Dishonorable and Sad

The recent scandal about college admissions was hardly the canary in the coal mine that we needed to warn us that the US is not a meritocracy. You’d have to be blinkered and blindfolded and white to believe that, but now it’s pretty obvious that the oligarchs are done pretending.

Felicity Huffman is a minor embarrassment to her class; but the justice system had to reach out, anyhow, to show how corrupt it is. [salon]

Actress Felicity Huffman was reportedly released from federal prison in Northern California on Friday after serving less than two weeks in what federal prosecutors called the “largest college admissions scam” ever uncovered by the Department of Justice.

Huffman began her sentence Oct. 15 at the Federal Correctional Institution, a low-security facility with roughly 1,200 women inmates located east of San Fransisco in Dublin, Calif.

Huffman was expected to complete her 14-day sentence on Sunday, Oct. 27, even though that would mark the 13th day of her sentence. However, she was released Friday. Prison officials confirmed to NBC News that the actress was released Friday under a policy which allows inmates to leave ahead of schedule if their release day is on a weekend or legal holiday.

It was a symbolic gesture to sentence her to 2 weeks in the first place, but they couldn’t even maintain that symbolic facade. Seriously, why didn’t the judge just give her a hug and a bible and tell her to go and don’t embarrass us any more.

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The real college admissions scandal is that a claimed 15%-20% of ivy league admissions are “legacy” admissions. My suspicion is that it’s a lot higher than that and the pure “legacy” admissions don’t include the “well, your dad bought us a new science building so we guess we’d better let you in” oligarchic solidarity admissions. Since I am part of the extended “Hopkins family” I remember when Bloomberg gave $1.5 billion to the university,[nyt] in order to create scholarships for underprivileged kids. I.e.: to offset the 20+% of privileged kids who are going to get in regardless of whether they are talentless slackers, because of who their parents are.

Here is a suggestion for the next Bloomberg who wants to donate a lot to a university: make it contingent on them ceasing the practice of legacy admissions. If Bloomberg really wanted to help underprivileged kids, he’s got to start by dynamiting the barnacles off the existing admissions process – otherwise he’s just perpetuating a scam.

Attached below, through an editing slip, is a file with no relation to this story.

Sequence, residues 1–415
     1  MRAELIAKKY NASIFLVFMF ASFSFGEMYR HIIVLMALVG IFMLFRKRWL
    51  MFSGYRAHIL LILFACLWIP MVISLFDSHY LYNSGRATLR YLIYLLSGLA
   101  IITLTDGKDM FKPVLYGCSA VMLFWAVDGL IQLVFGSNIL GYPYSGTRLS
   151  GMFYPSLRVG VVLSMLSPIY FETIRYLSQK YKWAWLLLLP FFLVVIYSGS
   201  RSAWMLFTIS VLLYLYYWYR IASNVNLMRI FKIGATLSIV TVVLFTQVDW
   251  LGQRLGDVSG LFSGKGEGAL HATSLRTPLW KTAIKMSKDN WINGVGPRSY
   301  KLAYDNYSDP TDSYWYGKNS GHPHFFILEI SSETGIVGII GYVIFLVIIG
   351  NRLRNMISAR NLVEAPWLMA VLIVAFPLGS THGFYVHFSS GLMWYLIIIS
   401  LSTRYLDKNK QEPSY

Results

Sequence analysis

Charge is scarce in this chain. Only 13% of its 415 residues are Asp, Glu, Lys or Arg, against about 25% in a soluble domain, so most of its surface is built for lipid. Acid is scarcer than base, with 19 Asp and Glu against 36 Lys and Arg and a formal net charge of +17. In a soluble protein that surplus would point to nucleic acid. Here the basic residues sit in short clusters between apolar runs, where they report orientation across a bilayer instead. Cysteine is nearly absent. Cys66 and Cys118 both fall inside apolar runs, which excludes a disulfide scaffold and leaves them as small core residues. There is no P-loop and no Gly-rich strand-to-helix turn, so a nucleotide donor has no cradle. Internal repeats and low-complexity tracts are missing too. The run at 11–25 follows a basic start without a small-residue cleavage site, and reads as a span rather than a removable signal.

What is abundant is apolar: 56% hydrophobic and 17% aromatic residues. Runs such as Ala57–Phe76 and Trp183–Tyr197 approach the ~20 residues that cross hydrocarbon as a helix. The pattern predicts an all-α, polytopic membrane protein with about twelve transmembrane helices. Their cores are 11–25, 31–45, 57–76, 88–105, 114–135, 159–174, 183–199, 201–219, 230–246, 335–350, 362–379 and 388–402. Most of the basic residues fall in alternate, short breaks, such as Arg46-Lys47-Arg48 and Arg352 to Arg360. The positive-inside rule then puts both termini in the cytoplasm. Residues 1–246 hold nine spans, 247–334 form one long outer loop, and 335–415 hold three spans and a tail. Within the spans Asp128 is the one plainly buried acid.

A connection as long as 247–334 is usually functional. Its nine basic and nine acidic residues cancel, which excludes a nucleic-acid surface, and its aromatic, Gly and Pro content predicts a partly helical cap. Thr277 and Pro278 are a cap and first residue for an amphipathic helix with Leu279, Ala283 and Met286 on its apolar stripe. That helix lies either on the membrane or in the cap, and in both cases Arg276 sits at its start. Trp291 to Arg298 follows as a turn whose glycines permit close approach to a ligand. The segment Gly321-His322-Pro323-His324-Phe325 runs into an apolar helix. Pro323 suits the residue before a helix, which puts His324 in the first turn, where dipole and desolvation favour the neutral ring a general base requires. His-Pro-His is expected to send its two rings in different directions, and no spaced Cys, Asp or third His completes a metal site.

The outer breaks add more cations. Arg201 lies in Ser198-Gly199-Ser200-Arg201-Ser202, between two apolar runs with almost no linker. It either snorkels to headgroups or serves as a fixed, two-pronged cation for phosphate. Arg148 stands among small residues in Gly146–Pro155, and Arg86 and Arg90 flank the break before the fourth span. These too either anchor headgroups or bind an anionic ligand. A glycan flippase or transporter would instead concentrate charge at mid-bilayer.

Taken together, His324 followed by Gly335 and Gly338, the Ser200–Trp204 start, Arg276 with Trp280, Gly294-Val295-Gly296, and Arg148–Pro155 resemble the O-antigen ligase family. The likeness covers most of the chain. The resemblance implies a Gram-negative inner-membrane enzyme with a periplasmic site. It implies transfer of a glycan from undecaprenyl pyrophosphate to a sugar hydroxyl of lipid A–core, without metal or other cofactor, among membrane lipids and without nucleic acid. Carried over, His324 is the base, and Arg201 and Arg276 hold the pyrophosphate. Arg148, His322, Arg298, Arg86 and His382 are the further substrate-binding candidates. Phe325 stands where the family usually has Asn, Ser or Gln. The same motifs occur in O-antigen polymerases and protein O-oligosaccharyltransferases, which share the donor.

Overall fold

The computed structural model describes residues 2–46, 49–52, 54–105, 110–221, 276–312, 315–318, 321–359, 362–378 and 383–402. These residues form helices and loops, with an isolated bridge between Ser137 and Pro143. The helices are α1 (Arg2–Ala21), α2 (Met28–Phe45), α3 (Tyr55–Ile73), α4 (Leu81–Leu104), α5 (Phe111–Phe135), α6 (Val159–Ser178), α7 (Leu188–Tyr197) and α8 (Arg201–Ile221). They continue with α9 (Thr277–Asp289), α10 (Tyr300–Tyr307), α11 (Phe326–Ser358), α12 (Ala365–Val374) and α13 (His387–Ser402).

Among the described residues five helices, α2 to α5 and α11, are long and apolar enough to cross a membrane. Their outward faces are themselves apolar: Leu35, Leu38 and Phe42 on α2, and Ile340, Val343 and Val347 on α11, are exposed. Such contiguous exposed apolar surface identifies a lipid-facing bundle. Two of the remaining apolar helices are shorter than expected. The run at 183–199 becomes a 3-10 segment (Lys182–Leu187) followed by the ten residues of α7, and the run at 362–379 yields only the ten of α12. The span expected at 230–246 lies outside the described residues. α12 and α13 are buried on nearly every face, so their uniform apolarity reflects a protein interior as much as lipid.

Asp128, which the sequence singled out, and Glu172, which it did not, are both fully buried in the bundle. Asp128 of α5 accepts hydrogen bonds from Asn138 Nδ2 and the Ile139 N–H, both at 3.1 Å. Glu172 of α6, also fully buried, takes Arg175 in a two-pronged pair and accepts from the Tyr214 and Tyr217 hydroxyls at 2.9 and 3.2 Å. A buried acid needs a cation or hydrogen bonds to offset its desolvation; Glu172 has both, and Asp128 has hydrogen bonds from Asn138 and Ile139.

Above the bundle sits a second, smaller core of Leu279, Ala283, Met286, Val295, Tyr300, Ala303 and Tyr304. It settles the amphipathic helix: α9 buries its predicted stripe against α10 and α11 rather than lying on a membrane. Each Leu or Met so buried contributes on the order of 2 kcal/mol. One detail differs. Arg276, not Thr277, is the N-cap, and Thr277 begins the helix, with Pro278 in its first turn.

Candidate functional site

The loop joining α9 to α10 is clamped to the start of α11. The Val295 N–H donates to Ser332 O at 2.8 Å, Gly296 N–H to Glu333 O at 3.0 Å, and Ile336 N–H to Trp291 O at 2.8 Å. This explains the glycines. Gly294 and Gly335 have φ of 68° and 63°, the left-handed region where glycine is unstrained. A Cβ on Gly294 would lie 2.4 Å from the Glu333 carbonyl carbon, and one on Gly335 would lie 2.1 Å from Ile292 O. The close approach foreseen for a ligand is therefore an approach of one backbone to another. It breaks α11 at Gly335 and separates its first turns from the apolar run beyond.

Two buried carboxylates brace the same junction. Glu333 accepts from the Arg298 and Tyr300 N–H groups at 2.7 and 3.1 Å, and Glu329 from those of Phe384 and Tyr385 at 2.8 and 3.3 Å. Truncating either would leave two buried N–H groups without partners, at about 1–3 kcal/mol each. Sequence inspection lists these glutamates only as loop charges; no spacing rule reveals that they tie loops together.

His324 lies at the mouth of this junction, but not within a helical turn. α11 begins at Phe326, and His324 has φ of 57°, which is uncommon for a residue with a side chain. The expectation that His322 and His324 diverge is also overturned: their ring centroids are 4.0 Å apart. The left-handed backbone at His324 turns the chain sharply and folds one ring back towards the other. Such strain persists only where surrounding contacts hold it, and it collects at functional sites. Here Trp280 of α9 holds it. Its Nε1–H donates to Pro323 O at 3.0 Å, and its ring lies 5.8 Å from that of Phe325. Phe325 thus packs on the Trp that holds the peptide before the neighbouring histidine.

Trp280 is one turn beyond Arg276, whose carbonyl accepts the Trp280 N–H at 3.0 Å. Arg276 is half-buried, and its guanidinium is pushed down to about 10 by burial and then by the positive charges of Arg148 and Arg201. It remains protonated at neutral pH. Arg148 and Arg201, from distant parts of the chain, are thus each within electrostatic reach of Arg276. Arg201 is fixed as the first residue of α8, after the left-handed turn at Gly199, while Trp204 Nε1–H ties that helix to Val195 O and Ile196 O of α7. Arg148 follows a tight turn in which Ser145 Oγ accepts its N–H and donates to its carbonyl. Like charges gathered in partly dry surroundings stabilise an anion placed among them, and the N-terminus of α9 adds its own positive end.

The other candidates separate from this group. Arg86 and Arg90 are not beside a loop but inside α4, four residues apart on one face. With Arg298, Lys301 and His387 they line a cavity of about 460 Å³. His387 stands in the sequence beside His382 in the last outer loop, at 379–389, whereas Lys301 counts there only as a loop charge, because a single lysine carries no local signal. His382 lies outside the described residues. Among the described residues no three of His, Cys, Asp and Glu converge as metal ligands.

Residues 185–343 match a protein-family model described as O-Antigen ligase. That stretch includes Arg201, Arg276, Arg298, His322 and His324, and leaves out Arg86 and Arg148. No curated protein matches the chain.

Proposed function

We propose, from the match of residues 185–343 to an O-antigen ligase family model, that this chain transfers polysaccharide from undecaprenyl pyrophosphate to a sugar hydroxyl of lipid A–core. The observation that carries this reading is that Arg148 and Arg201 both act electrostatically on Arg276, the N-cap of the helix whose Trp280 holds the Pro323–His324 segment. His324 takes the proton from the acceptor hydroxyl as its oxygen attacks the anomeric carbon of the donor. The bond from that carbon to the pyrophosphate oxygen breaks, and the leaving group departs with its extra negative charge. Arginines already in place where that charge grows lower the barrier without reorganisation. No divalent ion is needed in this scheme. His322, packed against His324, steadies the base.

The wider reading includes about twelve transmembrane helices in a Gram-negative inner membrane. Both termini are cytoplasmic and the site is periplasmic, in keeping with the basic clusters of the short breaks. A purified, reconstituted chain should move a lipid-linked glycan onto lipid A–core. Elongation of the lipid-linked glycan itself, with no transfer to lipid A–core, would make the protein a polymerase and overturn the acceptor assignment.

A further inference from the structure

I’d have grudgingly respected Huffman if she insisted that they keep her over the long weekend.

I was a legacy of sorts at Johns Hopkins. The chairman of the admissions committee had carried me around Paris and Spain on his shoulders many times, and I’m pretty sure that had something to do with my getting in, in spite of the fact that my SATs were excellent and I had pretty fair grades. It was clear to anyone (including me!) that I was not going to be an exemplary student – I was too interested in other stuff. Apparently the argument that clinched my admission was that I had gone way out of my way to find a kendo instructor (in 1980, that was a hard thing in Baltimore, MD) and that showed some kind of “stick to-it-iveness” or some such. Bah. But I’ll take it.


  1. says

    When I applied for a university, admissions were decided by a computer program, which took into account only the standardized exam scores. I filled my application digitally, there was no interview with anybody whatsoever.

    Of course, one can argue that rich kids can go to better schools and get private tutors, so it’s easier for them to get high exam scores. Still, I believe that taking into account exam scores only is better than the weird stuff that’s happening in American universities.

    By the way, personally I was from a family with below average income. My parents couldn’t have afforded any private tutors. Nonetheless, my exam scores were perfect. I just learned how to study from textbooks on my own. At my school I also got a bit of private one-on-one lessons with the regular teachers who worked there. I was participating in academic competitions in pretty much every subject, and most of the school teachers offered private lessons in the afternoons to kids who wanted to participate in state level academic competitions. In Latvia there exist various academic competitions for school kids, and schools get some prestige and various other benefits if their pupils win in those. Thus teachers are motivated to work with any kids who volunteer to stay for some extra learning after the regular lessons are over.

  2. jrkrideau says

    When I applied for a university, it was basically before computers but acceptance seemed to be on academic performance overall.

    I was in my 40’s before I had even heard about the US “legacy” programmes. I think it strikes Canadians as very strange.

  3. jrkrideau says

    I should mention that I was a good but, by no means outstanding student but got accepted at my first choice. Competition was less intense in those far-off days.

  4. says

    Yeah, I got into the University of Saskatchewan in 1985 because my high school grades were good enough to get into the Arts and Science program as a history major. No SAT tests, no essay, no list of extracurriculars to prove whatever is they’re supposed to prove.

  5. jrkrideau says

    @ 5 timgueguen
    my high school grades were good enough
    Still seems to work that way. A few years ago the men’s basketball team at the local university’s academic standard were too high for him to recruit a good squad.

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